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Numerical Computations With High Precision

This example shows how to use variable-precision arithmetic to obtain high precision using Symbolic Math Toolbox™.

Search for formulas that represent near-integers. A classic example is the following: compute $\exp(\sqrt{163} \cdot \pi)$ to 30 digits. The result appears to be an integer that is displayed with a rounding error.

digits(30);
f = exp(sqrt(sym(163))*sym(pi));
vpa(f)
 
ans =
 
262537412640768743.999999999999
 

Compute the same value to 40 digits. It turns out that this is not an integer.

digits(40);
vpa(f)
 
ans =
 
262537412640768743.9999999999992500725972
 

Investigate this phenomenon further. Below, numbers up to $\exp(1000)$ occur, and the investigation needs some correct digits after the decimal point. Compute the required working precision:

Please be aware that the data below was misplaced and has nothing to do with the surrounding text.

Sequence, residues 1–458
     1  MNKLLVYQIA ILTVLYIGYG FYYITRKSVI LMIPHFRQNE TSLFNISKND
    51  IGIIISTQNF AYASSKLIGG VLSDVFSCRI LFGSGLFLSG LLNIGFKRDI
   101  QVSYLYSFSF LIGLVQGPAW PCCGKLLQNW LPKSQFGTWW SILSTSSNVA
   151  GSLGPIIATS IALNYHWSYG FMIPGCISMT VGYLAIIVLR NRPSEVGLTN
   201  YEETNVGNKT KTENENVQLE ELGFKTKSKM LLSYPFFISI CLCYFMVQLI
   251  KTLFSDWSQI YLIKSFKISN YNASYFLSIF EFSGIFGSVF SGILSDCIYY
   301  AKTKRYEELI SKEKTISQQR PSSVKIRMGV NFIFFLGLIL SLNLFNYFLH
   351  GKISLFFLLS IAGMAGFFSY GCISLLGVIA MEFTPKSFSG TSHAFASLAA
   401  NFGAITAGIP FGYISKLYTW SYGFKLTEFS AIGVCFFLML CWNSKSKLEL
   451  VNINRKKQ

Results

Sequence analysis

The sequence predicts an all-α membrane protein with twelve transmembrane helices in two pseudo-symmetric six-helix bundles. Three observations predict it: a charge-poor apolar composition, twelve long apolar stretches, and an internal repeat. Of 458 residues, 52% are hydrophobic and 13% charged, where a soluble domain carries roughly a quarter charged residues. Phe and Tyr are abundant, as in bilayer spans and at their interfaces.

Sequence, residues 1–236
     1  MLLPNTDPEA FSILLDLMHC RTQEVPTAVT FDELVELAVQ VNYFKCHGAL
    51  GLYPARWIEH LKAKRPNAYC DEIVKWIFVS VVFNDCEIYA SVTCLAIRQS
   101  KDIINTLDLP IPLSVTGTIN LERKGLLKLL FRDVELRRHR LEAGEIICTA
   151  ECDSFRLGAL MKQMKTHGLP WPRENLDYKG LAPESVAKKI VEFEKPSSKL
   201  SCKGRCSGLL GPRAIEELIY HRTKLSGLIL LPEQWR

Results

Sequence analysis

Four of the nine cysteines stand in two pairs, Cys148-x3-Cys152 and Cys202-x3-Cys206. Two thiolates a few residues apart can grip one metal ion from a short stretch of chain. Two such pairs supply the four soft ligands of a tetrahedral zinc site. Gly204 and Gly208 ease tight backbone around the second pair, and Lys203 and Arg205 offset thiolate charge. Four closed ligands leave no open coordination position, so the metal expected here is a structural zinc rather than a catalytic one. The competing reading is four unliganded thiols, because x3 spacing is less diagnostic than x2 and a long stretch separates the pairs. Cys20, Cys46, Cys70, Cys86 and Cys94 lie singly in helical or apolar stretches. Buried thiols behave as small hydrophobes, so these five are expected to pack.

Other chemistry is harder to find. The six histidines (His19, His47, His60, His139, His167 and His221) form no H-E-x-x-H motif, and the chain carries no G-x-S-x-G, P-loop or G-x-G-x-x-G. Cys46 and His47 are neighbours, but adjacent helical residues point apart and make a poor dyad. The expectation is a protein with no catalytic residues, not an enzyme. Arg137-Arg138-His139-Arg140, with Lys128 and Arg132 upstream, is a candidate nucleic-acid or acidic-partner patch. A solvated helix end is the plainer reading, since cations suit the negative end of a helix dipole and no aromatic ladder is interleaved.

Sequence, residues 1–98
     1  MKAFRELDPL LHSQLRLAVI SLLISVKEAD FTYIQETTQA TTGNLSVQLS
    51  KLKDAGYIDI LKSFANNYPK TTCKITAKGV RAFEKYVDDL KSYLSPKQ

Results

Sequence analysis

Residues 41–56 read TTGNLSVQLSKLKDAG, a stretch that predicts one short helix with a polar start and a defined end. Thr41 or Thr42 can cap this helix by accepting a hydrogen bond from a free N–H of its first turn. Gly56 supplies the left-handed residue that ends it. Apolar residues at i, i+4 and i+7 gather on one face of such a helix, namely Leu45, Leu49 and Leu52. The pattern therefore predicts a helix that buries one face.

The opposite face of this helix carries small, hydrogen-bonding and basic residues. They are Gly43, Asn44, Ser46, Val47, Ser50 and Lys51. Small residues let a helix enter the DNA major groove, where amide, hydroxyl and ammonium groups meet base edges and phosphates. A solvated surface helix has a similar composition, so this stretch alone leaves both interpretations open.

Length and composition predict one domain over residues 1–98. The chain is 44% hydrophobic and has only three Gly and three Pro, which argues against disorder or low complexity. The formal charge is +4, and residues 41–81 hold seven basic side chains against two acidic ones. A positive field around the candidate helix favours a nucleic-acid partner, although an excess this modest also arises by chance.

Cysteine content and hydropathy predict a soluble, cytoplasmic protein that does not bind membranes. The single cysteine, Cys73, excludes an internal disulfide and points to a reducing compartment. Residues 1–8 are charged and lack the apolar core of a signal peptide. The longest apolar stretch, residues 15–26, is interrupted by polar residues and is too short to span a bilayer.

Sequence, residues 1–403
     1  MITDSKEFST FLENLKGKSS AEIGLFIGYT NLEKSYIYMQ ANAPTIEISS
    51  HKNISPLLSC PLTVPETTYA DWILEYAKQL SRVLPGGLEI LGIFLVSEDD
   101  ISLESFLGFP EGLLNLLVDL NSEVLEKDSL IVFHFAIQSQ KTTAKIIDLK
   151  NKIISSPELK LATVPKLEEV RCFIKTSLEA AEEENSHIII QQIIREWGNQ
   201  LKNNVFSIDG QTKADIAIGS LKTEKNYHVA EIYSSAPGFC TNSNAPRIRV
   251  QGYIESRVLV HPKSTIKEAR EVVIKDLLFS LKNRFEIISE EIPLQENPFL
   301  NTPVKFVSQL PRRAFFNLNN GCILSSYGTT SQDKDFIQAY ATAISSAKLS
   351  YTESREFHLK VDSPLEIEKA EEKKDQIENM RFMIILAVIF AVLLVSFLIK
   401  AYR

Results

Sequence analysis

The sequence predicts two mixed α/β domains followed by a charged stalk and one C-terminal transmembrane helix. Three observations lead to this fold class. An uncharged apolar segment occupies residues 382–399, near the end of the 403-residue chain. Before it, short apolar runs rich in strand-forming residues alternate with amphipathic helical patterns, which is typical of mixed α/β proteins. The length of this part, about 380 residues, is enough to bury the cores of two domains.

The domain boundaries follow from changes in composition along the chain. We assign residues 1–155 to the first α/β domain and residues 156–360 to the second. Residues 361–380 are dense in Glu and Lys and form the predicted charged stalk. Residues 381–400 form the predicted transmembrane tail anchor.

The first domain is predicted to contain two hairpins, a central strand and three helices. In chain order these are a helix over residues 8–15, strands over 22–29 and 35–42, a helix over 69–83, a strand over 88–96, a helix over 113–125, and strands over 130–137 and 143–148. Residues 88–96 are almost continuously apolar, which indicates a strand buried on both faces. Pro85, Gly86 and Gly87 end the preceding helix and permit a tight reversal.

d = log10(exp(vpa(1000)))
 
d =
 
434.2944819032518276511289189166050822944
 

Set the required precision before the first call to a function that depends on it. Among others, round, vpa, and double are such functions.

digits(ceil(d) + 50);

Look for similar examples of the form $\exp\!\left(\sqrt{n}\pi\right)$. Of course, you can obtain more such numbers n by multiplying 163 by a square. But apart from that, many more numbers of this form are close to some integer. You can see this from a histogram plot of their fractional parts:

A = exp(pi*sqrt(vpa(1:1000)));
B = A-round(A);
histogram(double(B), 50)

Calculate if there are near-integers of the form $\exp(n)$.

A = exp(vpa(1:1000));
B = A-round(A);
find(abs(B) < 1/1000)
ans =

   Empty matrix: 1-by-0

It turns out that this time the fractional parts of the elements of A are rather evenly distributed.

histogram(double(B), 50)

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